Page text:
"Well, let's first set the table by saying that video is, you walk a fine line, because you can have paralysis by analysis. So we are very much aware of that fact, and we start from there. We use video as an adjunct to the learning curve in terms of we have the ability to take a practice, for instance, we'll videotape practice. We'll go out, we'll tell the guys this is what we want to do today in practice, we go out and we practice it. We break down the video. We give it to them the next day before practice and we go out and do the same drill. And so that accelerates that whole process of learning. They get to see, they get to do, they get to see and do again.
"So we think that we try to use it smartly, if I can use such a simple term. I know being a former player that, you know, your meetings with video cannot go any longer than 20 minutes or you've just lost them and they're like zombies in there. So we're very aware of that, and we try to be smart about it so we don't get that paralysis by analysis."
Coach, you're in first place and you're on a four-game winning streak in the conference. Based on the question a couple of people ago, would you rather play conference games this weekend, or are you glad that your team's taking like a non-conference, like having a non-conference schedule this weekend, or doesn't it really matter to you?
"I really have not thought about it to that degree. The fact is we play two outstanding opponents, and that's been our focus. So we actually don't look at it as a week off. I guess it is in terms of WCHA, but they're such great opponents that it's another test for us, it's another opportunity for us to grow as a team. And we have such a young group that, heck, I think all our guys, just looking at their eyes last night, you know, it's Michigan, Michigan State, this is a big thing, and I think they're excited to have this challenge."
Coach, what do the guys get to do Thursday for Thanksgiving while most everybody else is sitting around on the couch stuffing themselves full of turkey and watching football? What's the plan with the guys? Is somebody making dinner for them?
"Well, we're going to practice earlier in the day. Then, yes, they're going to go out and have turkey with some folks. And so they'll be sitting on the couch eating turkey watching football as well. But we're going to have, you know, it's interesting, it's always you eat turkey and, you know, you tend to sit down and relax, and we're going to have to have a pretty lively skate on Friday morning to get some of that turkey out of our systems, but we'll work at it."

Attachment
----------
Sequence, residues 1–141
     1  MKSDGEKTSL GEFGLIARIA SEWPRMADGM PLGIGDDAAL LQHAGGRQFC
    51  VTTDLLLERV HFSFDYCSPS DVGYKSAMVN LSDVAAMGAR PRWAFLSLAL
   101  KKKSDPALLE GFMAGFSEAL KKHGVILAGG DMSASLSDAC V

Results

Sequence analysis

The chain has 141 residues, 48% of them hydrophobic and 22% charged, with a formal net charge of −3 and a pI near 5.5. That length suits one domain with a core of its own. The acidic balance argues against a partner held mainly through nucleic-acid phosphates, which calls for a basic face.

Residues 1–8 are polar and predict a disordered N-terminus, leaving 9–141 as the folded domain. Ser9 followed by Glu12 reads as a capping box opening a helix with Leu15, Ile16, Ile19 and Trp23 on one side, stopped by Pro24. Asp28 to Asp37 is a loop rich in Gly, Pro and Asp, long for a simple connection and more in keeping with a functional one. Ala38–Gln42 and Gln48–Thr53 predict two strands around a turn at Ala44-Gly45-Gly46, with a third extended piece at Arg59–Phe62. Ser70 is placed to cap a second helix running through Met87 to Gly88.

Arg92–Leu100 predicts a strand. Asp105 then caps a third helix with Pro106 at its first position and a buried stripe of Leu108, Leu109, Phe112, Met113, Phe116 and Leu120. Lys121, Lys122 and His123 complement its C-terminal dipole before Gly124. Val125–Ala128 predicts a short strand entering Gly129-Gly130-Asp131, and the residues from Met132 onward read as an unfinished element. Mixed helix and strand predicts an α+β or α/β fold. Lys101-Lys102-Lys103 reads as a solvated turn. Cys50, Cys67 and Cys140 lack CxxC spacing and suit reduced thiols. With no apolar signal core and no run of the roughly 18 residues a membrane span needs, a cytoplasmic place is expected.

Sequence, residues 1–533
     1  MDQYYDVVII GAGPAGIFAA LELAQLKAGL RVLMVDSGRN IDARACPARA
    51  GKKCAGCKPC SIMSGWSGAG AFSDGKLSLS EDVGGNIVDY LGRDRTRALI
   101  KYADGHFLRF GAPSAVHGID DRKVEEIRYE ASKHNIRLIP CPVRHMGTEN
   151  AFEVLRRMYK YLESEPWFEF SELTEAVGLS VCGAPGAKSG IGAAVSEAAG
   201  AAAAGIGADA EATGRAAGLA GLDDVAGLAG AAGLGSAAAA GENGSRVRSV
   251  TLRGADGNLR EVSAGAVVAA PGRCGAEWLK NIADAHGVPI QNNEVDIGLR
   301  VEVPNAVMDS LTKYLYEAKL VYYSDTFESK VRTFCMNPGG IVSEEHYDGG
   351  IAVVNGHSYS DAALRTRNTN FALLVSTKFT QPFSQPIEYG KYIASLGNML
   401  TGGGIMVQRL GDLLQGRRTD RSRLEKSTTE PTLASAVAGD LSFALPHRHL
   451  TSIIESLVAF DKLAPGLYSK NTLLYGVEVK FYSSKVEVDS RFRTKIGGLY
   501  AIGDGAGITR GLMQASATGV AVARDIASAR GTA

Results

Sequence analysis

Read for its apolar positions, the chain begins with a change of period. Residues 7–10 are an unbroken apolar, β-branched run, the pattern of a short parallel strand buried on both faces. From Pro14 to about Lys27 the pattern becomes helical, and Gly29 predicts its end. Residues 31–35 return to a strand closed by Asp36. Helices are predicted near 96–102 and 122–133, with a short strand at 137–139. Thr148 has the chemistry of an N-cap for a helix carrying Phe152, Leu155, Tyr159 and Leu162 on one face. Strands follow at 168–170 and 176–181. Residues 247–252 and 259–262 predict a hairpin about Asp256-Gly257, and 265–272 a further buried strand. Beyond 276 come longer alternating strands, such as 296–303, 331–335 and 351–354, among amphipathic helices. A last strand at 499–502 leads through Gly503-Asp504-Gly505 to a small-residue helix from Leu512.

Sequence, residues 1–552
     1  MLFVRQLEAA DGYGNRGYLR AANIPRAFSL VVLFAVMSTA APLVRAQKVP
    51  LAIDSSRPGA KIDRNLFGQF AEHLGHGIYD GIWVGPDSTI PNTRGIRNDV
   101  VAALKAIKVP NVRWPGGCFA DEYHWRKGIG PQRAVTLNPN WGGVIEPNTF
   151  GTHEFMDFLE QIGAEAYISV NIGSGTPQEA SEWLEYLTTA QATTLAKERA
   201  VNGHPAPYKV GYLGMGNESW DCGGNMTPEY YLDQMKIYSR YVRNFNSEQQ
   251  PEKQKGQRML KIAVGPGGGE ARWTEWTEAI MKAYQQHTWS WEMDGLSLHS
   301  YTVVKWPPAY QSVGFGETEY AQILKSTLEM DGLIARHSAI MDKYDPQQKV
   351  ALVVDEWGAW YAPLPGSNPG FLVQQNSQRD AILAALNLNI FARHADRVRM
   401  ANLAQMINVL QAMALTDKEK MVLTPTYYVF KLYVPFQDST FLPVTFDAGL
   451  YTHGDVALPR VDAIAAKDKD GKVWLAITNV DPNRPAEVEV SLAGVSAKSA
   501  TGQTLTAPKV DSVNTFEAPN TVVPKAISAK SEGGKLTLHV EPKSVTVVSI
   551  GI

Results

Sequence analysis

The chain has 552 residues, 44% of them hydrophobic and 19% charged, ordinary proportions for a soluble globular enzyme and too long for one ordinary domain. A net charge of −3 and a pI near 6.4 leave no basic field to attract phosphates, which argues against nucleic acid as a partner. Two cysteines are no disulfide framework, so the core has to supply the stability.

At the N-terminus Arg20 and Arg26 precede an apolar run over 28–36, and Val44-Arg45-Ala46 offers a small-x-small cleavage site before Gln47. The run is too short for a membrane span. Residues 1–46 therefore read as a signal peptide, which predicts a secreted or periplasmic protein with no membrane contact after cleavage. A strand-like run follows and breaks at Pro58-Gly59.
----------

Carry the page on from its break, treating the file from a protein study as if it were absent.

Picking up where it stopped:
Mike, you talked about the value of playing Michigan, Michigan State in the RPI, the PairWise, those kind of ranking things. From a broader perspective, this showcase series, you know, every year at this time, what does it mean to your program to play these teams consistently?
"Well, it keeps alive a little bit of a rivalry that was there back in the day when our era played. I mean, they were part of our league. And I think that's why people brought it back. They didn't want to see it disappear altogether. It was such, it's a great rivalry. And it's interesting that I think within the WCHA, I was surprised last year when we played Notre Dame, I mean, how full the building was. I think Notre Dame attracts that. Oh, they're playing Notre Dame, let's go see. Well, if we're playing a Michigan or Michigan State, we're going to get a good crowd as well because those are noteworthy opponents in football and basketball, and I think people will come out and see those games, and there's a little extra charge in the building because of that."
I apologize for an odd question, but when you compare your teams to a Michigan, to a Michigan State, or with any team that's an elite team in the country, do you personally look at who you're matching up against? You have, Red Berenson who has won a couple of national championships. You have Rick Comley who's won a lot of games, won a national championship. Do you even throw yourself into that equation at all?
"As a coach? I'm still trying to establish myself as a college coach. I think that even our players and our team are trying to establish themselves because they're very much like us as coaches. We're young at this level. And we're still learning the college game, both the recruiting aspect of it, and the playing aspect of it, and the dimensions that come along with dealing with college kids. So the difference, one of the differences between Coach Comley and Coach Berenson is the fact they've had the test of time at the college level. And, boy, I don't know if I could ever last as long as they have. That's ultimately the test of greatness, is the test of time, and they've both passed that."
Given all the learning that you're talking about, what's been the most pleasant surprise to this point, admitting that there's a long way to go yet, most pleasant surprise with your team?
"I would have to say our defensemen, and great credit has to go to Mark Osiecki and Troy Ward in terms of working with them and bringing them along at a faster-than-expected rate. It helps to have a real good goaltender behind them because he covers up some of their mistakes and they can, we've talked about this before, having the ability to have a short-term memory. And so they've developed because of the work that those two coaches have done with them, plus the fact that the goaltender has been, both goalies have been pretty good behind them. But that's been the biggest pleasant surprise."